At schools there are firewalls, monitoring of pupil searches, education on the safe use of technology and how to report abuses but even these measures are not failsafe. Further, the intensity of the working day and working week means that time on technology is limited. Currently, at home, children will have to spend more time on computers/tablets etc. and so parents need to be more vigilant and there is no shortcut for parents. We have to ensure that we have a good working knowledge of the 4 ‘Cs’ and how our children are engaging with the online world so the links below have been selected to offer parents the essential reads.  

In short, parents should have child appropriate restrictions on the internet access. They should encourage their children to share and explain how they are using technology (and many children are very good teachers). Finally, parents should be willing to discuss online behaviours without being judgemental. The key to E-safety education is to be able to keep open lines of communication with your child. Useful conversation openers might be to ask your child to show you how the apps they like work - TikTok, Snapchat, Instagram for example. However, you could also ask them if they would like to see some of the apps that you use, especially ones that are used for working, organisation and planning.

If you have any concerns regarding your child’s use of technology then please do email me on and I will endeavour to either provide you with advice or to identify someone who can answer specific questions.

Suggested Links, Reading and Websites

Childnet - learn more
Set up in 1995 in response to the rapid growth of the internet. They provide resources for young people, teachers and parents. Click here to visit the parents' section which offers advice on having a conversation with children as well as a parents' toolkit. However, if you click on the logo, it will take you to an excellent section of the parents called ‘hot topics’ and it provides very accessible and sensible advice on topics ranging from digital well-being to sexting to livestreaming.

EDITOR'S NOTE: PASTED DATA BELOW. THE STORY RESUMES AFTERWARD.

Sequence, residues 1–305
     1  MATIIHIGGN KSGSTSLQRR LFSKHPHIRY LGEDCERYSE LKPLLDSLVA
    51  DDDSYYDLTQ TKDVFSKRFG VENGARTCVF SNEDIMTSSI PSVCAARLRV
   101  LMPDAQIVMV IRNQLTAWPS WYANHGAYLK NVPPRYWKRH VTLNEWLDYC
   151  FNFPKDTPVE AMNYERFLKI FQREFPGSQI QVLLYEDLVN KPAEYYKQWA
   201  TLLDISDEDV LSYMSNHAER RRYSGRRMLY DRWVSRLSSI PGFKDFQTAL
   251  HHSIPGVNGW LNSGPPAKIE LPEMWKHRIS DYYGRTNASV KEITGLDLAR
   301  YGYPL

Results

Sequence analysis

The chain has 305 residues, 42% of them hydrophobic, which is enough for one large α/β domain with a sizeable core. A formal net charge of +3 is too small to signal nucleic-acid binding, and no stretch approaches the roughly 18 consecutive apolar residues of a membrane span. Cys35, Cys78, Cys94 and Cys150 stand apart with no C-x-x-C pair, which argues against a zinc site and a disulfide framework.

CEOP ‘ThinkUKnow’ - learn more
An education programme from the National Crime Agency’s CEOP Command. It was established in 2006 and provides education about sexual abuse and sexual exploitation. Some of their videos are hard hitting but impactful on pupils. The link to the left takes you to their parents' advice page but there are sections on that page that you can direct children to as well.

NSPCC - learn more
Has been a leading advocate for children’s rights and protection for many years but in 2018 they set a new standard by publishing a 5 year research investigation in to children’s behaviour online entitled “How safe are our children online.” It was a broad ranging report,  though a subsequent report was published in 2019.

The parents' section of the NSPCC website is easy to navigate and contains both advice and latest topics.

Education for a Connected World - learn more
The framework is produced by the UK Government and describes the digital knowledge and skills that children and young people should have the opportunity to develop at different ages and stages of their lives. It highlights what a child should know in terms of current online technology, its influence on behaviour and development, and what skills they need to be able to navigate it. We use it at Bryanston to consider what we deliver. The knowledge that children are expected to have/be taught before the age of 12 is illuminating.

The UK Safer Internet Centre - learn more
Although Childnet is mentioned earlier, it is also a contributor to the UK Safer Internet Centre which is a partnership of three leading organisations: Childnet InternationalInternet Watch Foundation and SWGfL, They state their mission is, “to promote the safe and responsible use of technology for young people.” Their parents' section is also excellent and can be accessed by clicking on the logo to the left.